The empowerment of women in Botswana has led to increased interest and presence of women in the agricultural labor force in Botswana, specifically in urban agriculture (Crush et al., 2011). From 1990 to 2019, the percentage of women involved in Botswana’s labor force increased from 49.8% to 68.5% (The World Bank, 2020). Despite these labor force changes, women in Botswana were considered poor, as a higher proportion of female-headed households were considered poor or very poor (Government of Botswana, 2020).

While the Botswana Government has expressed commitment to gender equality, they are still experiencing difficulty implementing appropriate initiatives (Botlhale, 2020). Further, institutional-level initiatives have been found insufficient in changing deeply rooted ideologies pertaining to the roles of women (Botlhale, 2020). As such, initiatives at the village level may hold promise for enhancing women’s empowerment in Botswana (Must & Horvorka, 2019). The results of this study can assist policy moves that can further raise status of women in Botswana.

Currently, the overall governmental economic initiatives in Botswana revolve around diamonds, but more efforts are being made to increase access to technical education and initiatives in tourism and agriculture (Reuters Staff, 2018). However, the overall decision-making in Botswana has been influenced by males, which has hindered the ability of women to advance or have significant influence on national decisions (Government of Botswana, 2020). Therefore, this study was undertaken to provide insight into a workforce that displays diversity, productivity, and quality by describing women’s experiences on each of their journeys, and how they are aspiring to reach their leadership goals within the agricultural industry in Botswana.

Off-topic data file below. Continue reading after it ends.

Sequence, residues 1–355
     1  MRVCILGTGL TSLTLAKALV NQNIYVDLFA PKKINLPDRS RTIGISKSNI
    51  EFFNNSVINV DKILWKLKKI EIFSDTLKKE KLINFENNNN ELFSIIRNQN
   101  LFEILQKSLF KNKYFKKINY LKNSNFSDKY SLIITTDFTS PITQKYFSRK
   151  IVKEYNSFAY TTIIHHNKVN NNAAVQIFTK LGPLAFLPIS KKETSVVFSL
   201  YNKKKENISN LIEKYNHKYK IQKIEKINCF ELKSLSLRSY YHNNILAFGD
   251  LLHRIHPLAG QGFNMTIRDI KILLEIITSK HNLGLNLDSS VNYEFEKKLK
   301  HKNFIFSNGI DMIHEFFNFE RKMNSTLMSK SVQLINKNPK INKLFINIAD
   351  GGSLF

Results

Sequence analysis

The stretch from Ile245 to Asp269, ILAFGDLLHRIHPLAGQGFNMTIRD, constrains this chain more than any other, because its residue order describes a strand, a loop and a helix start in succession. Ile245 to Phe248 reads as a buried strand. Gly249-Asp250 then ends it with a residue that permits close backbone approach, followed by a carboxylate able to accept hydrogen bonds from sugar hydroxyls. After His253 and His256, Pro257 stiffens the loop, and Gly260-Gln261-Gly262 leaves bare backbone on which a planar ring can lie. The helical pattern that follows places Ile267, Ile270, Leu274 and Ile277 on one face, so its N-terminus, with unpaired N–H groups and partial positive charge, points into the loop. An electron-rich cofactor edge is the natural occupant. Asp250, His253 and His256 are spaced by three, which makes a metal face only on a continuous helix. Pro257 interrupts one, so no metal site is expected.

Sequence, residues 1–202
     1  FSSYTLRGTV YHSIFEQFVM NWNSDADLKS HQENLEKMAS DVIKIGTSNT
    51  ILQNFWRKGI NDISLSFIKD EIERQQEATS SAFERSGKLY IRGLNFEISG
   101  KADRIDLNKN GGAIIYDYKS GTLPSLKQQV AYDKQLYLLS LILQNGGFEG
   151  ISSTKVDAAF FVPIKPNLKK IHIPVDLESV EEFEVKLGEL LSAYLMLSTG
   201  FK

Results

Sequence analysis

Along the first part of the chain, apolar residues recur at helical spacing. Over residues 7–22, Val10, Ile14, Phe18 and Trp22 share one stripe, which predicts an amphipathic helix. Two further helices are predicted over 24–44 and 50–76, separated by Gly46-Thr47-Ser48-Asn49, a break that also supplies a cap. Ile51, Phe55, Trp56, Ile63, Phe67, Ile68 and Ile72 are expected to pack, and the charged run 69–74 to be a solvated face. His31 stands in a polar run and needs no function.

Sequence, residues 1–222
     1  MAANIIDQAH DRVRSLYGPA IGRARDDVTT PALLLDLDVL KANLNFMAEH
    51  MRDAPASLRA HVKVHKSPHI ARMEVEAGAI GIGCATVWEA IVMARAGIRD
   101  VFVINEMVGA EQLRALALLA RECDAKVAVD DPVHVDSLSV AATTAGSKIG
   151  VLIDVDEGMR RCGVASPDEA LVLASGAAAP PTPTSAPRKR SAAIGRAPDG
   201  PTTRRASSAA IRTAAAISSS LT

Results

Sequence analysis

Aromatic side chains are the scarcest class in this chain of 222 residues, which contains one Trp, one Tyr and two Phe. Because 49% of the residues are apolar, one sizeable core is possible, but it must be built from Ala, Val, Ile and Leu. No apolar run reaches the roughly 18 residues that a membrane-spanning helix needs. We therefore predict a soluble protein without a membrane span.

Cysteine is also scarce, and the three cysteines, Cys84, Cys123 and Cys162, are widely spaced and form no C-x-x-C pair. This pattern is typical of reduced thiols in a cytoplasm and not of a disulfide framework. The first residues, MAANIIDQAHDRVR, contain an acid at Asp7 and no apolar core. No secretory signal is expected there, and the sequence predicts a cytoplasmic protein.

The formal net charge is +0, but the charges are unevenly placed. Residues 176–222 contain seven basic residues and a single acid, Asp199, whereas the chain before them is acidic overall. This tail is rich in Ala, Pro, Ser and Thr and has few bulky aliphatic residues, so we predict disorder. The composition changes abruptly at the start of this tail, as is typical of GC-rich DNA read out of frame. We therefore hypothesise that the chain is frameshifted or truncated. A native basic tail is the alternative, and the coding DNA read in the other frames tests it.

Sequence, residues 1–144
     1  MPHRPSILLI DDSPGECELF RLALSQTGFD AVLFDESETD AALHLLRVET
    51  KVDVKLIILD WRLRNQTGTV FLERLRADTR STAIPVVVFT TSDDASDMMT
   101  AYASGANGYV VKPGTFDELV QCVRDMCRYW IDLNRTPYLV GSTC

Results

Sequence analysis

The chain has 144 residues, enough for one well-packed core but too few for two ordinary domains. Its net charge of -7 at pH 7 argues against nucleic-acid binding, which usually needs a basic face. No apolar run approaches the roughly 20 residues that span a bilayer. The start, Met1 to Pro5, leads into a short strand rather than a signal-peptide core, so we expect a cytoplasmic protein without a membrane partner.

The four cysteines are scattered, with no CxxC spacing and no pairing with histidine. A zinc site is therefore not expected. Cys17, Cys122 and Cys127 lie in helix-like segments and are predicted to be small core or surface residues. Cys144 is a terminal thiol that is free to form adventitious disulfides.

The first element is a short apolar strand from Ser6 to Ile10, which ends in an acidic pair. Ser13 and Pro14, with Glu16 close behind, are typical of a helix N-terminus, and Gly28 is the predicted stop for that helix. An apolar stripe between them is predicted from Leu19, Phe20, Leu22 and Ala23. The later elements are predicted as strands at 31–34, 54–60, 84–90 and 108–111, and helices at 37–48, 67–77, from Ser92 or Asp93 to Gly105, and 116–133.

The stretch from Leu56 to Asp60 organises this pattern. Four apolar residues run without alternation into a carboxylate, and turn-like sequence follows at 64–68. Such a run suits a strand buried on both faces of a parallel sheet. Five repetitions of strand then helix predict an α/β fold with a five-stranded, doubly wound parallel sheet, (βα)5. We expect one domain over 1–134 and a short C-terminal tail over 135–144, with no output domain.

Theoretical Framework

Situational and authentic leadership theories guided this study. Situational leadership was derived from the idea by Hersey and Blanchard (1972). The model is constructed to focus on the maturity of the individual who is being supervised. Maturity is defined as “the capacity to set high but attainable goals, willingness and ability to take responsibility, and education and/or experience of an individual or a group” (p. 161). The model is divided into quadrants and represents an individual’s personality and how the individual progresses as he/she matures. The first quadrant, high task/low relationship, represents an individual that is more concerned with the tasks to be accomplished, and is not concerned with the personal feelings of their cohorts. An individual that is concerned with the task of a project but also takes into consideration the feelings of their cohorts represents the second quadrant, high task and relationship. An individual who is concerned with their cohort’s personal feelings rather than completing the task represents the third quadrant, low task and high relationship. An individual who is not concerned with the task of the project or the personal feelings of their cohorts represents the last quadrant, low task and relationship. Supervisors need to adjust their leadership style as the individual matures. In the context of this study, situational leadership is an applicable lens because every participant derived their leadership experience from a unique situation. Situational leadership theory can thus provide further insight into how participants’ unique backgrounds and positions explain their actions and interactions as leaders.